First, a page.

Wednesday, 15 August 2012

Doctors support turbines, criticize fossil, nuclear options

Orangeville Citizen
August 09, 2012

Freelance Reporter

The Canadian Association of Physicians for the Environment (CAPE) is describing Health Canada’s study of health impacts from wind turbines as “superfluous (and) a waste of time and a waste of public funds.”
“It’s curious Health Canada has taken an interest in studying the health impacts of something as benign as wind energy when for years health and environment experts have been cautioning about the negative impacts of fossil fuels on human health,” Farrah Khan of CAPE says.
CAPE says a 2010 Ontario study “reviewed 40 years of scientific research on wind turbines and human health.”
It noted that the report by Chief Medical Officer Arlene King report concluded that “the scientific evidence available to date does not demonstrate a direct causal link between wind turbine noise and adverse health effects.”
“She also found that ‘community engagement at the outset of planning for wind turbines is important and may alleviate health concerns about wind farms.’ This puts any physiological impact from the very ordinary sound of a windmill into serious doubt.”
Community involvement was at the heart of the plan for what has become Dufferin Wind Power, originally totally owned by a group of Melancthon farmers and 401 Energy of Markham but now owned largely by a Chinese company.
Much of the criticism levelled by opponents of that development centres on foreign ownership, but the alleged health impacts haven’t been forgotten. Persons affected say they are genuinely ill since the advent of other wind farms in the area.
A question asked at a recent information meeting was, in effect, “If the turbines didn’t cause the illness, why did we become ill after they went into operation?”
A multi-disciplinary study commissioned by the Canadian and American wind energy associations recently found that the most serious effect on nearby residents was “annoyance.” And the degree of annoyance was related to how the person felt about turbines prior to development.
On the other hand, according to CAPE, “Canada’s health community is shocked at the growing evidence of illness connected to the fossil fuels industry. In 2009, the Alberta Cancer Board reported cancer rates in Fort Chipewyan, downstream from the tar sands, were 30 per cent higher than expected.”
CAPE quotes the Ontario Clean Air Alliance as saying that in 2009, coal plants in the province “were connected to 246 deaths, 342 hospital admissions, 406 costly emergency room visits and almost 123,000 illnesses such as asthma attacks.”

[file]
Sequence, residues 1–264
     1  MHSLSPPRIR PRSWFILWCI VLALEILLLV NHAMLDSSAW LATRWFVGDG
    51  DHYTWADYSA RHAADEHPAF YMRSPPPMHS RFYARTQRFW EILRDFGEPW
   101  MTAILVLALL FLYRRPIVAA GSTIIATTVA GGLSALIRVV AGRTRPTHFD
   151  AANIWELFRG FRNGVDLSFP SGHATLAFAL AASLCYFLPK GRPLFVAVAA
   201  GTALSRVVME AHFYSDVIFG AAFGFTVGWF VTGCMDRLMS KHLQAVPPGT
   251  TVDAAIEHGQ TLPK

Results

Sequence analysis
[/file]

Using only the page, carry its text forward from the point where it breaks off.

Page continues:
While turbine health impacts continue to be debated, CAPE says the health impacts of coal are a certainty.
It is also critical of the health risks posed by nuclear radioactive waste. “Spent fuel remains highly toxic and radioactive for thousands of years. But nuclear reactors, even in their normal day-to-day operations, emit radiation. A 2008 German government study found an elevated risk of leukemia for children living within five kilometres of the country’s 16 nuclear plants.”
Although preferring wind energy, CAPE acknowledges that any form of energy production inevitably has some negative impact on the plane, noting that wind turbines are not perfect, generate some sound and their appearance is not pleasing to everyone.
“But coal-fired generating stations, nuclear power plants and the tar sands all contribute to serious illness.
“We’re comparing a minor annoyance from the sound of blowing wind to the severity of cancer, asthma and brain damage. Our energy choices do impact our health and renewables like wind are our safest bets,” CAPE concludes.

Sunday, 12 August 2012

Time for a nuclear moratorium in Ontario

Two recent articles build the case for a moratorium on further nuclear investment in Ontario.

The first, from Steve Hargreaves at CNNMoney covered the decision by the U.S. Nuclear Regulatory Commission to stop issuing both new permits and license extensions.  Even though the spent fuel characteristics of US and Canadian are different, the same question should be raised in Canada.

NEW YORK (CNNMoney) -- The U.S. government said it will stop issuing permits for new nuclear power plants and license extensions for existing facilities until it resolves issues around storing radioactive waste.
The government's main watchdog, the Nuclear Regulatory Commission, believes that current storage plans are safe and achievable. But a federal court said that the NRC didn't detail what the environmental consequences would be if the agency is wrong.